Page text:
Insights into Government Finance Statistics, March 2024

March quarter 2024 Government Finance Statistics data - Observations and analysis of Social benefits expenses


Government Finance Statistics (GFS) are available as current prices, original series. Unless indicated, all data here are estimates for the total general government sector which includes the Commonwealth, state, territory and local general governments, and public universities.

Social benefits

Social benefits to households in goods and services (social benefits) are non-cash assistance provided by governments to individuals and households. Social benefits are a non-employee expense for the general government sector.

Social benefits include programs such as the National Disability Insurance Scheme (NDIS), Child Care Subsidy (CCS), Medicare Benefits Schedule (MBS), Pharmaceutical Benefits Scheme (PBS), Aged Care Subsidy and state transport and electricity concessions.

Annual GFS show that social benefits have increased 137.1% over the past decade. This reflects growth in demand for aged and home care, disability, health and child care services; and in more recent years, increased government assistance in response to COVID 19, natural disasters and cost of living pressures.

March quarter 2024

Australia’s social benefits increased 7.8% ($3.3 billion) in the March quarter 2024, and 16.0% ($6.3 billion) through the year (a). From March quarter 2020 (b) to March quarter 2024, total social benefits rose 58.7% ($16.9 billion). Through this period social benefits as a percentage of total general government expenses increased from 16.3% in March quarter 2020 to 19.7% in March quarter 2024.

Commonwealth social benefits payments is the largest component of social benefits, and accounts for around 90% of all social benefits.

  1. Through the year growth is the percentage change compared to the same time of the previous year.
  2. March 2020 has been chosen as the comparison point because non-government school payments were introduced into quarterly GFS from September 2019 which will affect comparison of social benefits before and after that quarter.

Commonwealth social benefits

Through the year, Commonwealth social benefits increased 15.2% (up $5.5 billion) to March quarter 2024. Growth in Commonwealth social benefits was driven by disability, aged care, child care and family benefits which includes policies such as NDIS, Child Care Subsidy and the Aged Care Subsidy.

Disability benefits increased 19.5% ($1.7 billion) through the year to March quarter 2024, and was the largest contributor to growth in Commonwealth social benefits reflecting an increase in individual support costs and the number of people with disability participating in the NDIS (a).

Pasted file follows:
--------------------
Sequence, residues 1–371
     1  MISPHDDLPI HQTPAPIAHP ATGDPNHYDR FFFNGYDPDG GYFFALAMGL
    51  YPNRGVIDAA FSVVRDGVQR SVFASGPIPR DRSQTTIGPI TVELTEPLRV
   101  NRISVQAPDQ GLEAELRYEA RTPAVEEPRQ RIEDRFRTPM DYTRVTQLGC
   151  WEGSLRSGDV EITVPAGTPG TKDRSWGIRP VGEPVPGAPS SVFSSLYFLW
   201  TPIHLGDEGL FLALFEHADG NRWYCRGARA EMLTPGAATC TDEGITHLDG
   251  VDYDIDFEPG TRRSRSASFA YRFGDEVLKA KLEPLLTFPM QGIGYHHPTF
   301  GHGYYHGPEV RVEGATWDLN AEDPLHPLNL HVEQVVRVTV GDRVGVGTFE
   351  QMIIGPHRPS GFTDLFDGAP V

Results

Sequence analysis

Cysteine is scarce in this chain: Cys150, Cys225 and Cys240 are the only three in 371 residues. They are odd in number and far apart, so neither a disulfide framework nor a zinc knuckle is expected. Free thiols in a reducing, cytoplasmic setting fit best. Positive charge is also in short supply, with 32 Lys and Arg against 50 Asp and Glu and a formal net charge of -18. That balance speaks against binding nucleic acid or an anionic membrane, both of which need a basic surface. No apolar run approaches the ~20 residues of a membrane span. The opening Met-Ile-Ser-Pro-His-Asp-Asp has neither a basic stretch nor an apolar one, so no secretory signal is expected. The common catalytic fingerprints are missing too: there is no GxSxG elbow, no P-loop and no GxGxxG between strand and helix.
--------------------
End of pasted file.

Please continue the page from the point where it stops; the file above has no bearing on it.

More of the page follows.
Aged care benefits increased 29.1% ($1.6 billion) through the year to March quarter 2024. The growth reflects the Fair Work Commission’s ruling (November, 2022) on the Aged Care Work Value of a 15% increase to award wages for nurses and aged care workers.

Health benefits rose 9.0% ($1.0 billion) through the year to March quarter 2024. This was driven in part by increases in the indexation rate for the Medicare Benefits Schedule, bulk billing incentive payments (November 2023) and additions to Pharmaceutical Benefits Scheme listings.

Child care and family benefits rose 28.0% ($0.7 billion) through the year to March quarter 2024. This was driven by the increased payments to families following the introduction of higher Child Care Subsidy rates and additional support for second and subsequent children.

Other Commonwealth benefits increased 7.1% ($0.6 billion) through the year to March quarter 2024 and is likely to reflect growth in non-government school payments and employment services.

  1. Source: 2022-23 Annual Report | National Disability Insurance Agency
  1. Other benefits include, for example: non-government school payments and employment services.
  1. Other benefits include, for example: non-government school payments and employment services.

State social benefits

Through the year, state social benefits increased 25.8% (up $0.8 billion) in March quarter 2024. Higher levels of social benefits paid by states reflects the introduction of Commonwealth Energy Bill Relief (a) which required co-funding with states and territories (from the 1st of July 2023). This was in addition to existing state and territory energy concessions and state energy rebates in Queensland (b) and Western Australia (c).

  1. Source: Commonwealth Energy Bill Relief | Department of Climate Change, Energy, the Environment and Water
  2. Source: Cost of Living Rebate for Households | Queensland Government
  3. Source: Household Electricity Credit | Government of Western Australia

Recent announcements for energy bill relief are expected to contribute further strength to state social benefits in the 2024-25 financial year. These are:

Back to top of the page